outside the city should be just as complex as building inside cities”,
The last part of his co-review was more like a direct response to Lerup’s
text and to his book Smartacres, rethinking Suburbia. Although Sijmons
fundamentally agreed with Lerup’s plea for a new urban ecology,
he had the urge to add some remarks about opportunities for a new relationship
between city and nature. In a ‘compact city’, their mutual
penetration will be very different from a ‘sprawling city’.
In the first instance, nature is supposed to surround the city, while
in the second instance, nature and city should intermingle. One of the
essential conditions for the latter is a profound reform of gardening,
Due to the extensive contributions by Lars Lerup and Dirk Sijmons, there
was very little time was left for the debate. Firstly, Lerup said that
he was pleased to notice that all the things that Sijmons had said, fitted
in so well with his own line of thought. Sijmons’ remarks on gardening,
reminded him of the fact that: architecture is inside gardening. Lerup
agreed that many suburban residents are gardening in the wrong way. “Cutting
lawn is ridiculous,” he stressed.
Then moderator Jaap Modder pointed out a possible discrepancy between
both speakers. “Dirk puts his money on the regional scale,”
he remarked. Lerup responded that this might be due to the density of
Holland. Houston, as a contrast, is a city that is dominated by individual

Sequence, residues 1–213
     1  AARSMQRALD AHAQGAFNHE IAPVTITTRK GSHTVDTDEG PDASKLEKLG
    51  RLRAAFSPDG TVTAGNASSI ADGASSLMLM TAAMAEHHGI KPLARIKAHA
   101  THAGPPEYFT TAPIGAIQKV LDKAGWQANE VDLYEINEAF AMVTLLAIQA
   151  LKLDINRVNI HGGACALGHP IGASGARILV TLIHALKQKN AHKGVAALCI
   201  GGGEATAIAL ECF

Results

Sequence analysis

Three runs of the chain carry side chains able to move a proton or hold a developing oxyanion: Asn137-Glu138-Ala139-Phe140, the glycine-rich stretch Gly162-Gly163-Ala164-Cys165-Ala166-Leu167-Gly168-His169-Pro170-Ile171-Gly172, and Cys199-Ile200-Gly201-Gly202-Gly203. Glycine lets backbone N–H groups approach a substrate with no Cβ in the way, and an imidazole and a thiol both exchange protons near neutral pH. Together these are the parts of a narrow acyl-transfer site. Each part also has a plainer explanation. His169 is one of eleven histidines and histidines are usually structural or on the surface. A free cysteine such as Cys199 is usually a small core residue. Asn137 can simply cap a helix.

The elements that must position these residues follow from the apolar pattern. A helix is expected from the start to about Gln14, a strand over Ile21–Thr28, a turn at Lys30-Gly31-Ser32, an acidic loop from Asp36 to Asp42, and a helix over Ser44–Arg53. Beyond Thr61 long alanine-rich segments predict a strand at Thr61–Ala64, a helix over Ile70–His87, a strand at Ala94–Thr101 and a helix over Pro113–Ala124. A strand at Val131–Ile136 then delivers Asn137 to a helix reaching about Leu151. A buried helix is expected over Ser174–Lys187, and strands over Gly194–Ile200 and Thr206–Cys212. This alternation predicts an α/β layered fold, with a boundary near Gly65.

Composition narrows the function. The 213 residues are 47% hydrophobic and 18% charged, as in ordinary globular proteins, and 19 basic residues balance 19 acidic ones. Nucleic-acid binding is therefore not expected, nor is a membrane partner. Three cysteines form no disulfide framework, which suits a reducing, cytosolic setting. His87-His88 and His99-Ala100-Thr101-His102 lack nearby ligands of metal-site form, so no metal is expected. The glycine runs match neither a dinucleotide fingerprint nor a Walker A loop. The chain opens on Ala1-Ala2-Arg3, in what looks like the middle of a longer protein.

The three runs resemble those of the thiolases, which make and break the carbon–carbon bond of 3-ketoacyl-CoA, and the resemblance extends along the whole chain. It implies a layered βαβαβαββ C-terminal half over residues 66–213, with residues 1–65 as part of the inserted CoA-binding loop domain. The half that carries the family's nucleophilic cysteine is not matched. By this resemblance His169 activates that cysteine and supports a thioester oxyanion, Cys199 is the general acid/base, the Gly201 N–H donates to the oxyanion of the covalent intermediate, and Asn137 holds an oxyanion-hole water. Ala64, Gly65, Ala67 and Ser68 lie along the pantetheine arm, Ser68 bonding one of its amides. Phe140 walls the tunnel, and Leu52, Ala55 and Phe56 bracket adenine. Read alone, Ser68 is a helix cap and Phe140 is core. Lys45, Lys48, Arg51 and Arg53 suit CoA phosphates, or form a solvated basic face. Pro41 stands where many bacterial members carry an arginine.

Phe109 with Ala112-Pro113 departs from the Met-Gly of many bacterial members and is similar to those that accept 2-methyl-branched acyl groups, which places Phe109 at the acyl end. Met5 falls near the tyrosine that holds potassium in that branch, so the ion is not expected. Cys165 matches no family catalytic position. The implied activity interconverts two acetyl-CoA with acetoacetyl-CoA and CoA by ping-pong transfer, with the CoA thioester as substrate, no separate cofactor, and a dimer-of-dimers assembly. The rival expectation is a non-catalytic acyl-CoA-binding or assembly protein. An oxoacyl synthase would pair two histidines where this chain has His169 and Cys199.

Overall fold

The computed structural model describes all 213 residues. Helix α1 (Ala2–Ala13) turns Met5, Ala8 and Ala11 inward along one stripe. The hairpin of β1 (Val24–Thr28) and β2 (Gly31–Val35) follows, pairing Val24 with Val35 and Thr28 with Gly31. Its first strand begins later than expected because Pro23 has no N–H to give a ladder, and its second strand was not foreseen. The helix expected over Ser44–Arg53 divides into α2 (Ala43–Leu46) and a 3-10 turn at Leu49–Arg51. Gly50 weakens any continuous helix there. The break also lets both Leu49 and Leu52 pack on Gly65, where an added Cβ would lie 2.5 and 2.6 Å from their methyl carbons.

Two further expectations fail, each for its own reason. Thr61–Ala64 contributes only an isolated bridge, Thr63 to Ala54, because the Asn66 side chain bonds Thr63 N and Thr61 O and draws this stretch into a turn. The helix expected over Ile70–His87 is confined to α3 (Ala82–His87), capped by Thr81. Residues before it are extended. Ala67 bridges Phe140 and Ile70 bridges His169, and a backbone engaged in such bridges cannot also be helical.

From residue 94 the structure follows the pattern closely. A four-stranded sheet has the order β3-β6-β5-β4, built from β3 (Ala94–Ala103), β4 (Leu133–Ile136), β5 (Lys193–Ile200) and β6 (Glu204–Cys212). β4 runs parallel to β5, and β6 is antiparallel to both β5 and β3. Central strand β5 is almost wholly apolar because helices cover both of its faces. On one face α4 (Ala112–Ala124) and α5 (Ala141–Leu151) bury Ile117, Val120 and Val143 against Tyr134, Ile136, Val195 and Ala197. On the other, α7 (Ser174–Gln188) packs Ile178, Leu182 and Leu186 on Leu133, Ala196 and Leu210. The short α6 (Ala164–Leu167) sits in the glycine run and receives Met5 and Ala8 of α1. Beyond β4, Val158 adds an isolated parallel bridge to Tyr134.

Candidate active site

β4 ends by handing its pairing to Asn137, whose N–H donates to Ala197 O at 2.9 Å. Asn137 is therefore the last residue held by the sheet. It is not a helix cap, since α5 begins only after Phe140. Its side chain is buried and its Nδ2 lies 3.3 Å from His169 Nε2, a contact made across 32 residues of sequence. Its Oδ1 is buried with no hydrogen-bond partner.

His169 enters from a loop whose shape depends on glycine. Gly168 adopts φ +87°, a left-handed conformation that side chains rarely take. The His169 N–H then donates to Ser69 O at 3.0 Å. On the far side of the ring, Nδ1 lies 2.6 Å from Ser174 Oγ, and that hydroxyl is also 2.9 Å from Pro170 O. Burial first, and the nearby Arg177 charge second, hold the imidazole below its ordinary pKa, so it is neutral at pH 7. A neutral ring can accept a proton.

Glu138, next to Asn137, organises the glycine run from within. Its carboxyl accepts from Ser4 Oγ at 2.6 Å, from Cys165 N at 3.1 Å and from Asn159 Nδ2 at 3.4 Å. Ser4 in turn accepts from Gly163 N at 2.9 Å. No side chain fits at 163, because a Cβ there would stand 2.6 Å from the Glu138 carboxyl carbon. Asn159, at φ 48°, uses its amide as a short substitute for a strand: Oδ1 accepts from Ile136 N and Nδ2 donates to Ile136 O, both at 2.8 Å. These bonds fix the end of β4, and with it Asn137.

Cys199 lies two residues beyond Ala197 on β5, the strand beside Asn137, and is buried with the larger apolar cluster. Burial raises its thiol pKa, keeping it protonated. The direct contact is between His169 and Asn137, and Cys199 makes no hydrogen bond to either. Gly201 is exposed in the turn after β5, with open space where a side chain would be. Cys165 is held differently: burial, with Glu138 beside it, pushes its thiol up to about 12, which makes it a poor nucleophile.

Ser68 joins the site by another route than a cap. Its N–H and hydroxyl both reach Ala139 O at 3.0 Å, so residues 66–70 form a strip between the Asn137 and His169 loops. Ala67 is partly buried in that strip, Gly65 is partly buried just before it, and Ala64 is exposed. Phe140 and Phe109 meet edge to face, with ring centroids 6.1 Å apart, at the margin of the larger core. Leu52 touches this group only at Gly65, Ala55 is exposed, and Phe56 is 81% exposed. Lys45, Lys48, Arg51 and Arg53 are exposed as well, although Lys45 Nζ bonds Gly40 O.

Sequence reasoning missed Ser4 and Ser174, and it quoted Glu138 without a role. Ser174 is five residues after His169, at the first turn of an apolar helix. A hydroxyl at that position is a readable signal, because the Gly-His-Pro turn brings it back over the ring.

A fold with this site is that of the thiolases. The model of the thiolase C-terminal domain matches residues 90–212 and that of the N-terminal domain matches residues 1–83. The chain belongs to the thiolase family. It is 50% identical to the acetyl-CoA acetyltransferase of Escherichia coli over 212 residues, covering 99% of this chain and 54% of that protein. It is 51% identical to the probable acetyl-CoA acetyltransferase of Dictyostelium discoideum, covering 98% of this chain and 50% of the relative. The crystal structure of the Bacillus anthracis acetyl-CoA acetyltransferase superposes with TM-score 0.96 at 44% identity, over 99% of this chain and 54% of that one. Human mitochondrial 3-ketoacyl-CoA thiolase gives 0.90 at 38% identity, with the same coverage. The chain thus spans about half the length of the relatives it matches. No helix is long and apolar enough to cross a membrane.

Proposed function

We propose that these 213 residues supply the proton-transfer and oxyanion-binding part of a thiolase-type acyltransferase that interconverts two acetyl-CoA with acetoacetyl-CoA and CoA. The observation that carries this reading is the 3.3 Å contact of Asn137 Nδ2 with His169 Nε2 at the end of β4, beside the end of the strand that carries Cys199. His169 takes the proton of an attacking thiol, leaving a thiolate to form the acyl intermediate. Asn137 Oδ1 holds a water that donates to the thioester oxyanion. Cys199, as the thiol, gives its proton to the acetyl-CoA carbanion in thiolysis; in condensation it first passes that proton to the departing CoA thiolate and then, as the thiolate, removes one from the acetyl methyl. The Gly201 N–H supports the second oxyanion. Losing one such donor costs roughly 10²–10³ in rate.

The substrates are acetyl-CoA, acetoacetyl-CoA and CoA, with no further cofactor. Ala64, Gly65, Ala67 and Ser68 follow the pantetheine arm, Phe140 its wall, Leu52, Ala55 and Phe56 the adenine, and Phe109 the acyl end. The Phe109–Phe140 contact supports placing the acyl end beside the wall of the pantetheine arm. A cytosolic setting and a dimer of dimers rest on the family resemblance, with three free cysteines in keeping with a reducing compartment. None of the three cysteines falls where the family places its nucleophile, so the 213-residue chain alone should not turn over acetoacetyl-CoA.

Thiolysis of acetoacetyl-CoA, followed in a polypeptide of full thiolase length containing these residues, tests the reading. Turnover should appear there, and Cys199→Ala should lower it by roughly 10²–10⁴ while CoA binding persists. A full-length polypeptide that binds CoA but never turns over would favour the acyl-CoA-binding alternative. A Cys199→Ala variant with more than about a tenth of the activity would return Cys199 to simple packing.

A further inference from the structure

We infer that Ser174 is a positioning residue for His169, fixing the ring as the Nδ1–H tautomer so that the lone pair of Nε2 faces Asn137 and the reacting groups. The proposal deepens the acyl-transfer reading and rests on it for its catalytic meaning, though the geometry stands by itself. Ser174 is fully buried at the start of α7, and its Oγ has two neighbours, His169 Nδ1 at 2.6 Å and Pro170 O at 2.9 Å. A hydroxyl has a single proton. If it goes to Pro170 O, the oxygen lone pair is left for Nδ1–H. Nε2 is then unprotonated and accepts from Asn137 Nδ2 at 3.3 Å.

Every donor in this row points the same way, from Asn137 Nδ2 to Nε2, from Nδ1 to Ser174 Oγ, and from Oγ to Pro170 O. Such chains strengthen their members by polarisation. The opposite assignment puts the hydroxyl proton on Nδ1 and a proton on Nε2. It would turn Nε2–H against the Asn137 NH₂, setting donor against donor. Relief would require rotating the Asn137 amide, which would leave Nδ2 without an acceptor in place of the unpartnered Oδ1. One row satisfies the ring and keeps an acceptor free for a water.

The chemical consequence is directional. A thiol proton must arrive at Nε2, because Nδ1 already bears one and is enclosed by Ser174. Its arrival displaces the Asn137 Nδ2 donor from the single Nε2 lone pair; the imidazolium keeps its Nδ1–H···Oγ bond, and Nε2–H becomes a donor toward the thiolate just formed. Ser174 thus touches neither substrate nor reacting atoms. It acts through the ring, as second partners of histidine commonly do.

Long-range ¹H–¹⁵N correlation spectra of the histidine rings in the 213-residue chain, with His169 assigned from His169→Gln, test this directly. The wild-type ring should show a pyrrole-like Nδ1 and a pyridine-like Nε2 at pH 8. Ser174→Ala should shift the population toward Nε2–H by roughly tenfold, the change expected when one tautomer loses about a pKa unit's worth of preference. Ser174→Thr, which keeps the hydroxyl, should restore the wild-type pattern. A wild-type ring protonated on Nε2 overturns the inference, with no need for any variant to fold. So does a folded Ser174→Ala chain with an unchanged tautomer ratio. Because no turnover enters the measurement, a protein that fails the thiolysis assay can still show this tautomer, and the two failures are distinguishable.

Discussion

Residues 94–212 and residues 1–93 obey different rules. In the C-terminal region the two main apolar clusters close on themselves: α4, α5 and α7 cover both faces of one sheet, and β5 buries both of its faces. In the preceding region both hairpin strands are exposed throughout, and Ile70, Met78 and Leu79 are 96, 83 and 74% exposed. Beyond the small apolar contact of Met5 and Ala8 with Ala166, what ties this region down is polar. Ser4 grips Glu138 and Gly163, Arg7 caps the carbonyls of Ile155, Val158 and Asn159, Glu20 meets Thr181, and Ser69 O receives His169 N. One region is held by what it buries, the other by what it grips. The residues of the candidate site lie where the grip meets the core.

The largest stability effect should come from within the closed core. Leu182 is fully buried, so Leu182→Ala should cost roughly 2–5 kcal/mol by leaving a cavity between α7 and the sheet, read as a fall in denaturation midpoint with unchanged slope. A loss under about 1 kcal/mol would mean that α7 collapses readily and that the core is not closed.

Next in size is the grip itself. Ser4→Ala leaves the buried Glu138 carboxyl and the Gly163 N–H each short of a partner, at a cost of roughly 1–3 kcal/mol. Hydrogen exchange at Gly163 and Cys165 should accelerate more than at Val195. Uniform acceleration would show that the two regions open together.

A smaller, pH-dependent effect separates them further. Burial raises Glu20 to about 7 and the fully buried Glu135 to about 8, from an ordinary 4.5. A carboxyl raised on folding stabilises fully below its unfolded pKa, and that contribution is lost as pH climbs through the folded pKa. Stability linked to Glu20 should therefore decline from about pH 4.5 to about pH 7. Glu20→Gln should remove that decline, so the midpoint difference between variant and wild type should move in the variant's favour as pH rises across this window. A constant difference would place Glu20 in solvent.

actions. Houston is an organic system where developments cannot be imposed;
they must come from the inside. Apart from that, Lerup characterized his
visit to the Netherlands as “carrying coals to Newcastle”.
He said that the embedded knowledge in this country is so great that the
Dutch should teach the Americans, instead of the other way round.
Will there be a Broad Acre City in the 21st century, Modder wondered.
Lerup responded that his ambitions are more modest. “It is very
difficult to move Americans and to break out of suburbia. Broad Acre City
is not where we should be heading. Above all, I do try to raise intelligent
issues, instead of giving definite solutions.”
The last question came from the audience; it concerned the rising oil
prices. “It is hardly a problem for the petit bourgeois,”
Lerup concluded, “but it hurts the poor who live on the outskirts
and have old vehicles that use a lot of petrol. They are the service people
who come to the city every evening to clean the buildings. To me the oil
prices are a wake up call to use public transport.” These remarks
concluded the official schedule of the evening. The audience continued
the discussions on a more informal note.
see also: Lecture Files
The Megacities Initiative originates from the awareness
of the future role of cities as the dominant type of settlement for humanity.
Cities will play this role not only as a matter of fact but also as a
matter of necessity, as the only other way of housing the increasing world
population. In an intensive rural occupation pattern this would certainly
lead to an ecological disaster.
The main activity of the Megacities Foundation is to organize a yearly
lecture on topics related to the megacities
In the past lectures were given by Richard Sennett, Liu Tai Ker, Richard
Rogers, David Harvey, Deyan Sudjic, Saskia Sassen and Peter Hall.
See Archive for details and full text of these lectures.
Megacities Lecture is a coproduction of the Megacities Foundation and Kenniscentrum
Grote Steden and is sponsored by:
Contributions to the discussion, as well as information on the Megacities
c/0 S@M stedebouw & architectuurmanagement,
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tel. 020-428 88 88
fax. 020- 428 88 80,